Investing For Beginners: 10 Tips
Investing for beginners can be intimidating--it's hard to predict which stocks and bonds will do well and even some tried and trusted investment funds can look a little shaky after the global financial meltdown--so here are 10 tips to help. The U.S. Securities and Exchange Commission has a variety of suggestions that can help you do research and choose your investments wisely.
- Select a broker or investment advisor that corresponds with your goals. Make sure you know what your financial goals are before you start looking at firms. What are you saving for and when do you want the money to be available? Decide ahead of time what services you'll need. Some companies can provide advice, research and other investment services that can be helpful with investing for beginners, but could also have additional costs.
- Be choosy. Once you've decided on your financial objective, talk with several different investing firms. Ask friends for advice and why they chose their broker or financial advisor.
Be nosy. Understand how your advisor will be paid. This allows you to make better decisions about if the company's advice is tailed to your financial interests.
- Be suspicious. If something sounds too good to be true, it probably is. If the investment advisor has a high-pressure sales pitch, consider that the investment may be more trouble than it's worth.
- Find out if your broker is insured. The Security Investor Protection Corporation can provide consumers certain specific protections if a brokerage firm is unable to pay its debts or becomes insolvent. Ask if there the firm has other insurances to help protect your investment.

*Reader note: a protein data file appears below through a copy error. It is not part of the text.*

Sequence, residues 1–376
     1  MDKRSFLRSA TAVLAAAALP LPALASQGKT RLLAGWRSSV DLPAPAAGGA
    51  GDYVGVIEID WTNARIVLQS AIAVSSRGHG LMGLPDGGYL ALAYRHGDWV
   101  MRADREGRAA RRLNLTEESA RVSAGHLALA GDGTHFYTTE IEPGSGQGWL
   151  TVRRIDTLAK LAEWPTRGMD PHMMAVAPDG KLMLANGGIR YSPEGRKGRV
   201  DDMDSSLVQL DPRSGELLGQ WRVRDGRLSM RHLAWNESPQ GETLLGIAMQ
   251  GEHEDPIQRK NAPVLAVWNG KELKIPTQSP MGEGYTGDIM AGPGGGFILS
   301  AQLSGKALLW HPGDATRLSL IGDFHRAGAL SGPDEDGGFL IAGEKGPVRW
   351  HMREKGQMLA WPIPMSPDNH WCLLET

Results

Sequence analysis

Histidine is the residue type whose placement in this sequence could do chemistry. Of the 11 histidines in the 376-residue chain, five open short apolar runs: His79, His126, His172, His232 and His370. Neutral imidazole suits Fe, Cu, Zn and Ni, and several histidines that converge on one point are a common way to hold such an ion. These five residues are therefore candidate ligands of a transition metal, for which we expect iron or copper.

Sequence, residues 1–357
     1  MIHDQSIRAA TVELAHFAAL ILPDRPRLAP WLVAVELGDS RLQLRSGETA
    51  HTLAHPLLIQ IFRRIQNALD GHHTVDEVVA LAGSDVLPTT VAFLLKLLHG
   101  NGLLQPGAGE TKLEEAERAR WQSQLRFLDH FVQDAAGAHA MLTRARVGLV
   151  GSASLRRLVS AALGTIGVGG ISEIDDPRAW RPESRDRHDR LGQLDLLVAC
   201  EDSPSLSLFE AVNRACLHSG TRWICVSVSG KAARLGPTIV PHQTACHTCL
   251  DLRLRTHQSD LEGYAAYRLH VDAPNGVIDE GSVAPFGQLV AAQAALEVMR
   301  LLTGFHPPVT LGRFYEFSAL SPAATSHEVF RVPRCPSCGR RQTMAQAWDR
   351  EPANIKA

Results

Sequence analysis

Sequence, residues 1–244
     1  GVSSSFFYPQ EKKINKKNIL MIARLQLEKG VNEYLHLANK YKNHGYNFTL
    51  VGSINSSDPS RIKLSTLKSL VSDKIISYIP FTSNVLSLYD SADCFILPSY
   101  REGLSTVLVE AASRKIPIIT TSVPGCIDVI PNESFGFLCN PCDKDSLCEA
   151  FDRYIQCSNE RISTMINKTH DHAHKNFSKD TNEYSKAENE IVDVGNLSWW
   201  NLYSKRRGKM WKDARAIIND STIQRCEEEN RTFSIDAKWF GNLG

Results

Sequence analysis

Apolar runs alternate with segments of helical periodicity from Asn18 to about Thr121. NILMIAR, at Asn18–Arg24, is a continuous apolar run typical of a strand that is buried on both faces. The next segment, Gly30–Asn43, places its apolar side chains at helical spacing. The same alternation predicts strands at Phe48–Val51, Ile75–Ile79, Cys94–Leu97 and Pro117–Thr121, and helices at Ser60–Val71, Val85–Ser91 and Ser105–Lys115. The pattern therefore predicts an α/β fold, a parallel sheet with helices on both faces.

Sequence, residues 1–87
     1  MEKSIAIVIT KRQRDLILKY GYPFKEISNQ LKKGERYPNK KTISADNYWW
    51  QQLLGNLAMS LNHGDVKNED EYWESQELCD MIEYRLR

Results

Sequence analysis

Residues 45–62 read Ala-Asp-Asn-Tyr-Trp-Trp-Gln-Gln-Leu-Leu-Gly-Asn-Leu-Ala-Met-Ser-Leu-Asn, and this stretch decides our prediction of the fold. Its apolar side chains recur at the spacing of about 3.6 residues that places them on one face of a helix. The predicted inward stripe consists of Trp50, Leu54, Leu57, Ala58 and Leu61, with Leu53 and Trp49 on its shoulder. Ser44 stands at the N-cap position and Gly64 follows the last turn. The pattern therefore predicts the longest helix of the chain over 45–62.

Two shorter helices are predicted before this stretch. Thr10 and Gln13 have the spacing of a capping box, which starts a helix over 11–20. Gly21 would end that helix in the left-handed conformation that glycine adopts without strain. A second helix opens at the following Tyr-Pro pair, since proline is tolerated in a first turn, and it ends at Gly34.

Check out your broker. The U.S. Securities and Exchange Commission recommends you always confirm that your broker is licensed or registered in whatever state in which they're doing business and the state that you live in. This can prevent most of the ponzi and pyramid schemes out there and helps to identify the con artists, disreputable firms and other bad places to trust with your hard-earned money. You can find information about most brokerage firms though the Central Registration Depository.
Get background on your investment advisor. Investment advisers are required to register with the SEC or the state securities agency where they practice. If they deal with more than $25 million in assets, they usually have to register with the SEC.
- Read your account agreement. It's imperative that you read over your investment agreement, understand the terms and agree with them. There are a couple key points to look for in your agreement. Who controls the decisions that affect your account? How does the firm expect you to pay for your investment? If you don't understand any part of the agreement, seek financial advice before signing the account agreement.
Understand your risk. Investments all have some degree of risk, so it's important to understand what yours is and if you're willing to lose your investment. Some investment opportunities, like options, have the risk of losing more than your initial investment.
- Protect yourself. There are red flags to look out for once you have an account. Look for excessive account transactions that may mean more money for your investment firm with no benefit for you. If an investment is suggested based on insider information, be wary. Look out for any dramatic changes in your investment strategy (or suggestions thereof). And if you notice an error in your account, make sure you receive an explanation of the error in writing and confirm that it's been corrected in your next statement.